City of Saskatoon
The first Saskatchewan Water Recovery Convention is recognizing the untapped value of the province’s wastewater.
The convention brought together academics, government, and industry members to discuss challenges and solutions when it comes to wastewater.
Saskatoon mayor Don Atchison spoke at the opening ceremonies.
"We want our children to have a better quality of life. We want our parents to have a better quality of life as they are aging," he said.
Saskatoon's emergency personnel had a busy weekend with MD Ambulance responding to 195 calls over the three days.
"That's starting to become a norm for us," said Troy Davies with MD Ambulance on the Brent Loucks Show.
"We are a big city, we are busy, we know that this is going to continue."
Davies said that it is a spike compared to what the normally see especially with crashes that varied from train versus vehicle to a car driving into a house.
Saskatoon can look forward to seven temporary works of art sprinkled across the city.
“We have seven temporary pieces coming to Saskatoon, two from the area and the others from different cities,” Kevin Kitchen, community initiatives manager said.
“Some of them are only up for two months up to three years. We’re pleased to know that artists from all over Canada want to be seen and have their art displayed in Saskatoon.”
With the sounds of a Métis fiddle and a drum honour song in the background, the Métis and Treaty Six Territory flags were raised at Saskatoon City Hall on Friday.
The two flags will be permanent fixtures on the south side of the building on two new flag poles in the civic square.
"There aren't very many words, but to say I'm grateful. I'm thankful and I'm honoured that the city is showing that respect," said Robert Doucette, president of the Métis Nation of Saskatchewan.
A Saskatoon man says he will drop his civil rights case against the City of Saskatoon if they replace prayer recitations with secular thanks.
In a letter to the city, Ashu Solo has offered a secular pre-meal thanks he thinks would be appropriate for city staff, councillors and the mayor to recite at public events.
“I think we’re at a point where we are close together, where it could be settled,” Solo said.
As the City of Saskatoon gets closer to pushing full time strip clubs to the north and southwest industrial areas, a group that includes exotic dancers are pushing to stop the changes.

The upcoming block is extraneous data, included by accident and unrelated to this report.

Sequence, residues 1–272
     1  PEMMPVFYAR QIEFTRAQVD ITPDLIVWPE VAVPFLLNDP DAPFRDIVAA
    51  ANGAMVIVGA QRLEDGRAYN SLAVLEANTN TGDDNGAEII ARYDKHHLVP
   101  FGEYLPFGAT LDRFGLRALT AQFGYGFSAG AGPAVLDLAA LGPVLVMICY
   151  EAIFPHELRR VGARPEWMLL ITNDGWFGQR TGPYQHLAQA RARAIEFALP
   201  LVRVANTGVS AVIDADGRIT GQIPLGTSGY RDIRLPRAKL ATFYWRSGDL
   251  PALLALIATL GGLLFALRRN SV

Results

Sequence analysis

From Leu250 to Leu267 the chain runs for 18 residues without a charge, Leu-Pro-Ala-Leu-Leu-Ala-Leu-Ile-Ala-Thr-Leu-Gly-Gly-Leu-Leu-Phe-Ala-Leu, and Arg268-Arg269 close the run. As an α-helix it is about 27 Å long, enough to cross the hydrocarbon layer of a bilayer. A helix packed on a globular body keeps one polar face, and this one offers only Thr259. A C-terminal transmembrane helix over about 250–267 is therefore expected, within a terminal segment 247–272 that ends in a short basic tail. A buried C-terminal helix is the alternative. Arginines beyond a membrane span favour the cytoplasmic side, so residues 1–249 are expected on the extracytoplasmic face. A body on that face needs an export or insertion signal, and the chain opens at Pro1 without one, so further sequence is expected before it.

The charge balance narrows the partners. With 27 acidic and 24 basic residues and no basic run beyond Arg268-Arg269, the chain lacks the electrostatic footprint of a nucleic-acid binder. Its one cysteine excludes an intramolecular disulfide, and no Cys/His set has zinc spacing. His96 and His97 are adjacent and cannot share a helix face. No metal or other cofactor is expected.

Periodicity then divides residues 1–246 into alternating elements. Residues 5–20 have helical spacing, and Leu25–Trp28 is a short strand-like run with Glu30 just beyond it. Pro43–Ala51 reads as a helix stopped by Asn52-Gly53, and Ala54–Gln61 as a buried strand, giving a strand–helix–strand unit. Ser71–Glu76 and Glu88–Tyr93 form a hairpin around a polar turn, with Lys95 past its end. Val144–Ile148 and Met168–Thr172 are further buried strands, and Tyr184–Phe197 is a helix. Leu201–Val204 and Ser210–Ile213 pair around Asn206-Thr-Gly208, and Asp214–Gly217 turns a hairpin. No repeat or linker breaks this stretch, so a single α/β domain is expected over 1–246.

"No one thinks of us as people, they think we are just objects they can move and we are not going to have any repercussions from it," said Bobbi Kraken.
Residents of Stonebridge can look forward to an express bus service to the University of Saskatchewan.
“There’s a lot of folks in that neighbourhood and a lot of them would like to have a more reliable commuter transit option in light of some of the traffic woes,” said ward Councillor Mairin Loewen.
After a five-year debate on how the City of Saskatoon should regulate
taxis, city council is asking the administration to look at the
feasibility of an independent taxi licence division and commission.
“It’s an extremely complicated business and the way things have been going, the council decision-making process has taken hours and hours of committee and council time and it’s not good decision-making and it’s wasting people’s time,” Councillor Charlie Clark said.
Businesses in will not see a tax ratio decrease at least until 2017.
On Monday Saskatoon City Council voted not to reduce the municipal business tax ratio from 1.75 to 1.43 over the next 11 years. Instead, council deferred the shift to the next reassessment period, coming in four years.
Saskatoon’s Chamber of Commerce says lower tax rates will keep the city business friendly.
That’s why tonight city council will review a proposal to reduce the commercial tax rate from the current level of 175 per cent of the residential rate, down to 143 per cent.
“The consequence of trying to tax businesses is, you slow their propensity to invest so if you want to have fewer jobs, a smaller tax base -- increase taxes on businesses,” Chamber executive director Kent Smith-Windsor said.